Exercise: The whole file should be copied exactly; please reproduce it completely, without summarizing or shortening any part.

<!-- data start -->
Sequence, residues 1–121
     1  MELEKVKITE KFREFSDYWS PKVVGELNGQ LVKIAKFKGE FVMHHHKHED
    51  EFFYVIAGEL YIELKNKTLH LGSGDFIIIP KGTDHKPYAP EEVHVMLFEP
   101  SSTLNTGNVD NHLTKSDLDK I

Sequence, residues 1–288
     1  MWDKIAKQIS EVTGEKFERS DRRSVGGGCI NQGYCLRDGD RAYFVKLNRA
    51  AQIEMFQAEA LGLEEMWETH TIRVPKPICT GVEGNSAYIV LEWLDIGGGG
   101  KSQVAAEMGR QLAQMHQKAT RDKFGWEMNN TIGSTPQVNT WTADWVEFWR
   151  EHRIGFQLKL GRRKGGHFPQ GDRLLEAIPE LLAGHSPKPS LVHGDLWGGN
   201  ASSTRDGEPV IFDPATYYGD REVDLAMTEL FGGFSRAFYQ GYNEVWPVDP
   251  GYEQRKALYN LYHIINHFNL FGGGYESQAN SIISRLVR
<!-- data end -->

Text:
Sequence, residues 1–121
     1  MELEKVKITE KFREFSDYWS PKVVGELNGQ LVKIAKFKGE FVMHHHKHED
    51  EFFYVIAGEL YIELKNKTLH LGSGDFIIIP KGTDHKPYAP EEVHVMLFEP
   101  SSTLNTGNVD NHLTKSDLDK I

Sequence, residues 1–288
     1  MWDKIAKQIS EVTGEKFERS DRRSVGGGCI NQGYCLRDGD RAYFVKLNRA
    51  AQIEMFQAEA LGLEEMWETH TIRVPKPICT GVEGNSAYIV LEWLDIGGGG
   101  KSQVAAEMGR QLAQMHQKAT RDKFGWEMNN TIGSTPQVNT WTADWVEFWR
   151  EHRIGFQLKL GRRKGGHFPQ GDRLLEAIPE LLAGHSPKPS LVHGDLWGGN
   201  ASSTRDGEPV IFDPATYYGD REVDLAMTEL FGGFSRAFYQ GYNEVWPVDP
   251  GYEQRKALYN LYHIINHFNL FGGGYESQAN SIISRLVR